13:     return blobRef.Uri;
 14: }
 16: // store image with given container and image name (with optional metadata)
 17: public Uri StoreImage(Byte[] bytes, String container, 
                        String imageName, NameValueCollection metadata = null)
 18: {
 19:     var containerRef = _authBlobClient.GetContainerReference(container);
 20:     containerRef.CreateIfNotExist();
 22:     return StoreImage(bytes, 
new Uri(String.Format("{0}/{1}", containerRef.Uri, imageName)),
 23: }


When an image is submitted by the end-user, the 'number of slices' option in the Windows Forms client user interface is passed along to specify how the original image should be divided in order to parallelize the task across the instances of ImageProcessor worker roles deployed in the cloud.   For purposes of the sample application, the ideal number to select is the number of ImageProcessor instances currently running, but a more robust implementation would dynamically determine a optimal number of slices given the current system topology and workload.  Regardless of how the number of image segments is determined, the original image is taken from the imageinput container and 'chopped up' in to uniformly sized slices.  Each slice is stored in the sliceinput container for subsequent processing.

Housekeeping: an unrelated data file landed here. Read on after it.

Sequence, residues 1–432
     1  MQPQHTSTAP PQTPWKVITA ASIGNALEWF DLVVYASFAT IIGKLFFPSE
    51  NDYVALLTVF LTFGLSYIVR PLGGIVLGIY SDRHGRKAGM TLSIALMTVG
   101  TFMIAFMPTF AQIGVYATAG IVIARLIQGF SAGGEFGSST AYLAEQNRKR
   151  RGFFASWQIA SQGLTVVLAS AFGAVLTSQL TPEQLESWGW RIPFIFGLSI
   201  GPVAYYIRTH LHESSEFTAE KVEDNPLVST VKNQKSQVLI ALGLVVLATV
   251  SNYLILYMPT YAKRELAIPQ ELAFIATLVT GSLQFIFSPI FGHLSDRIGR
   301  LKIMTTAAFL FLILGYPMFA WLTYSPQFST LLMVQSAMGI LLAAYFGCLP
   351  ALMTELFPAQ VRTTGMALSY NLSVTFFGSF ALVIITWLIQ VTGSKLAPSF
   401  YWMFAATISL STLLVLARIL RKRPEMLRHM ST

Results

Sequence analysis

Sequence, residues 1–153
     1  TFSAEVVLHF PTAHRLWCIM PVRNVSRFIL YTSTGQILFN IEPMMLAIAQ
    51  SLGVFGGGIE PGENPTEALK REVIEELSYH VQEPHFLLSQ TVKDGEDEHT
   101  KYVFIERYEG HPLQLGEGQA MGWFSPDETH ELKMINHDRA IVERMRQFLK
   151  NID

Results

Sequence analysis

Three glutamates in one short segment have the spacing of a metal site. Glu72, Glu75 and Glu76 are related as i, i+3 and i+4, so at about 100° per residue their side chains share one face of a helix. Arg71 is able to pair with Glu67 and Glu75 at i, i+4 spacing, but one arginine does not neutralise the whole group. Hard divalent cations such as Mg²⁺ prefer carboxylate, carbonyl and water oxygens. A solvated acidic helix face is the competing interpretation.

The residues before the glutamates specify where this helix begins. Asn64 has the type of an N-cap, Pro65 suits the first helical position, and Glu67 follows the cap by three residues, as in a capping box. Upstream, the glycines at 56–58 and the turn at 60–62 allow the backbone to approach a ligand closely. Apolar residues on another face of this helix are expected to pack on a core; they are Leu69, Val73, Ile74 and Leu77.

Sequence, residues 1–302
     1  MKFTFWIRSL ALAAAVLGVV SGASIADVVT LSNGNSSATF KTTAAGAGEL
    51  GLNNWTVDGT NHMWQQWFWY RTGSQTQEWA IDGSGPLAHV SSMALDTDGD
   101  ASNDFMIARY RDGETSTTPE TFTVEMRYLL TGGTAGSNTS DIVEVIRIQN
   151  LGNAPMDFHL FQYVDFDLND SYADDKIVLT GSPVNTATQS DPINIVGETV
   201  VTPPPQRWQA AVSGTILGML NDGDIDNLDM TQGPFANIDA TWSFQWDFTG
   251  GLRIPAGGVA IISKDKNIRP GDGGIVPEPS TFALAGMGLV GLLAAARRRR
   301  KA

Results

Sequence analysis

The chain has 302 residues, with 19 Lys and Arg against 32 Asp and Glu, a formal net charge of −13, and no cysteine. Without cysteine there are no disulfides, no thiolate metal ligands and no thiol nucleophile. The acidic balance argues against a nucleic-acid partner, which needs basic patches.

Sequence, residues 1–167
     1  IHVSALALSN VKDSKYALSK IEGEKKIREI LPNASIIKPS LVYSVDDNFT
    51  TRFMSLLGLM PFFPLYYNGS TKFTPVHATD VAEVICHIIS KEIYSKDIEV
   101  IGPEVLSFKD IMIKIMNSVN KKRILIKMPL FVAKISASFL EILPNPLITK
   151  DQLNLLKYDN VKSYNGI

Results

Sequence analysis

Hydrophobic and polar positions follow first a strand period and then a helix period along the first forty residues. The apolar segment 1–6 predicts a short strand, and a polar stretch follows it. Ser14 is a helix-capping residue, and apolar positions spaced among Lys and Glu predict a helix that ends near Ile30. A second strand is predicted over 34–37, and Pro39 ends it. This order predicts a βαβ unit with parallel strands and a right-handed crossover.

The real work is processing the image into the slice; once that's done, it's really just a call to StoreImage in the BlobAccessor:

Uri slicePath = 
        slices[sliceNum], BlobAccessor.SliceInputContainer, 
        String.Format("{0}_{1:000}", requestMsg.BlobName, sliceNum)

In the above snippet, each element of the slices array contains an array of bytes representing one slice of the original image.  As you can see by the String.Format call, each slice retains the original name of the image (a GUID) with a suffix indicating a slice number (e.g., 21EC2020-3AEA-1069-A2DD-08002B30309D_003)